Minnesota lawmakers consider cracking down on synthetic drugs
In a continued fight against synthetic drugs, Minnesota lawmakers are considering making selling some of them a felony.
A bill is headed to the House floor setting a penalty for selling certain synthetic drugs, compounds meant to mimic the effects of the actual drugs, a felon with five years in prison. It currently is a gross misdemeanor.
"Maybe the threat of jail time will get the message across that we don't want one more death in Minnesota as a result of these dangerous drugs," bill author Rep. Bob Barrett, R-Shafer, said.
Synthetic drugs are becoming more popular, Barrett said at a House committee hearing Wednesday. He said young people are experimenting with them while older drug users have said they provide the "ultimate high."
Last year, the Legislature banned a number of synthetic drug compounds, but Barrett said that has not solved the problem.
"This year some head shop owners haven't got the message yet," he said.
The bill adds some new substances to the list of illegal synthetic drugs. But people have been tweaking formulas slightly and continued selling essentially the same drugs, Barrett said.
The bill also would allow the state Board of Pharmacy to use an expedited process to outlaw dangerous drugs, making it easier to keep up with new synthetic drugs as they are discovered, he said.
"This would allow us to deal with immediate health threats," Board of Pharmacy Director Cody Wiberg said.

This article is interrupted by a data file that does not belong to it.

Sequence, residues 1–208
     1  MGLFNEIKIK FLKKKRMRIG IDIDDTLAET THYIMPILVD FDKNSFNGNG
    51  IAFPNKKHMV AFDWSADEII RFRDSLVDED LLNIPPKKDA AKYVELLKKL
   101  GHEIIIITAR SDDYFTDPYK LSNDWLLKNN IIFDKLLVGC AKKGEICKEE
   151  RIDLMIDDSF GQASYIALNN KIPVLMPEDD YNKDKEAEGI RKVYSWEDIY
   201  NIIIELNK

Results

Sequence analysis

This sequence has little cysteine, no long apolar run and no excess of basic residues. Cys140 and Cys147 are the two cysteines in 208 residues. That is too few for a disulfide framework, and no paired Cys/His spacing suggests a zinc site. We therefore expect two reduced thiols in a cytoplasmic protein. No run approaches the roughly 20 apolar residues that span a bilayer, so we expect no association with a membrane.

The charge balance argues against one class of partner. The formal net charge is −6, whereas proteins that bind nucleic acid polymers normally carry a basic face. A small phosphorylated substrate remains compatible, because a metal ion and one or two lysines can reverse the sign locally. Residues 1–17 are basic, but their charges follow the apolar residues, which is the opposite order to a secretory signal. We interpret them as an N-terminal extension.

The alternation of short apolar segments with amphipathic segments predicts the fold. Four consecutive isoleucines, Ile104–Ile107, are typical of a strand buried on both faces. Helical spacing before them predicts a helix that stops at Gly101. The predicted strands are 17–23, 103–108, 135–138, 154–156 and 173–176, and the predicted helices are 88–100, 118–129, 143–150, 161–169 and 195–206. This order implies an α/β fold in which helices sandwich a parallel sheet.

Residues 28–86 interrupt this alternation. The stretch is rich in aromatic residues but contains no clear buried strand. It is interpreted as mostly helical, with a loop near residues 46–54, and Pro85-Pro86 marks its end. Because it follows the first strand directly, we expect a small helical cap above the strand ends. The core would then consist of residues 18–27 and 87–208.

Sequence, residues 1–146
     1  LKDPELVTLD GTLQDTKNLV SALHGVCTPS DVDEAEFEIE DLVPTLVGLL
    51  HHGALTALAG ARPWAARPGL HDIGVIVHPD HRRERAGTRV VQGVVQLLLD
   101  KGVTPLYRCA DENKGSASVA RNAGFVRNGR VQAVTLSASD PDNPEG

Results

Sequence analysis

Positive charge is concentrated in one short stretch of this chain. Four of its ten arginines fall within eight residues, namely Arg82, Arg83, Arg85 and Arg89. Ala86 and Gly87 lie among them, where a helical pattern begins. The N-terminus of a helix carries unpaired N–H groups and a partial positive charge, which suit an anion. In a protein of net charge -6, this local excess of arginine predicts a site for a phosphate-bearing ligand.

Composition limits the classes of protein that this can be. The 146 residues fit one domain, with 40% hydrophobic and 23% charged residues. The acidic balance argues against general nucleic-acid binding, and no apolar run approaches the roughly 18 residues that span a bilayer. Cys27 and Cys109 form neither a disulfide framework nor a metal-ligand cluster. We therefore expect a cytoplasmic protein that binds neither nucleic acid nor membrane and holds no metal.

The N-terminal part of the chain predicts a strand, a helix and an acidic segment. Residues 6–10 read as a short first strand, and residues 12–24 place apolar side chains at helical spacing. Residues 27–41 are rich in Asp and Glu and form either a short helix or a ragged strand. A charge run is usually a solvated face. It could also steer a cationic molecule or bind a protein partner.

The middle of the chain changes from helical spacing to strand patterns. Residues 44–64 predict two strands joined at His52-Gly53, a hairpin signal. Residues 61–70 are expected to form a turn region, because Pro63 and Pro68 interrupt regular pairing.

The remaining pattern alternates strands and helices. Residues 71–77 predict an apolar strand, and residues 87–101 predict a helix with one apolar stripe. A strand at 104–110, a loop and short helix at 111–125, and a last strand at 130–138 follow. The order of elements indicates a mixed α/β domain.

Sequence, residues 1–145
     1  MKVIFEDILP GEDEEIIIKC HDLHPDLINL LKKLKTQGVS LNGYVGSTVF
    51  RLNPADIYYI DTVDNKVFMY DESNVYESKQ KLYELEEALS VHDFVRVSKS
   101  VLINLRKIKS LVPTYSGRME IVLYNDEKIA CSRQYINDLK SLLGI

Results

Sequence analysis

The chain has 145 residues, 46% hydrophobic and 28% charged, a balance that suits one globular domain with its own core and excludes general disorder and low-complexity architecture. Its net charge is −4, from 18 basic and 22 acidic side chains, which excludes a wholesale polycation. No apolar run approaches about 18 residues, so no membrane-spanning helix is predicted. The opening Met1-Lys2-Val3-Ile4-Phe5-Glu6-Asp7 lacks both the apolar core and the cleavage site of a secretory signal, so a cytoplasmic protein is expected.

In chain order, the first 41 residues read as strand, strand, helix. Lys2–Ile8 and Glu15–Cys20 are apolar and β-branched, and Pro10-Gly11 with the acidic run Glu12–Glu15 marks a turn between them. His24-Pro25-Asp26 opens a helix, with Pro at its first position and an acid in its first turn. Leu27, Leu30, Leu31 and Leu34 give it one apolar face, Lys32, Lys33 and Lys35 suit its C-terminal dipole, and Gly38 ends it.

The synthetic drug problem received notice after a party in Blaine, where one person died and others were hospitalized after overdosing on a synthetic drug known as 2 C-E.
Synthetic compounds have caused problems in a number of other cities as well. Duluth, Moorhead and other cities' officials have tried to stop the sale of synthetic drugs in local businesses.
There are rules on what kind of drugs can be added to the board's list, Wiberg said. To add a substance to the top tier, called schedule one, it must have a high potential for misuse, no currently accepted medical use and known adverse effects, among other qualifiers.
Wiberg quelled concerns about over-the-counter or prescription medicines falling under this classification.
"This is truly meant for the synthetic designer drugs that have not been tested by anyone," he said.
It still would take about 90 days to ban a substance, Wiberg added.
"We are well equipped to make those determinations," Wiberg said.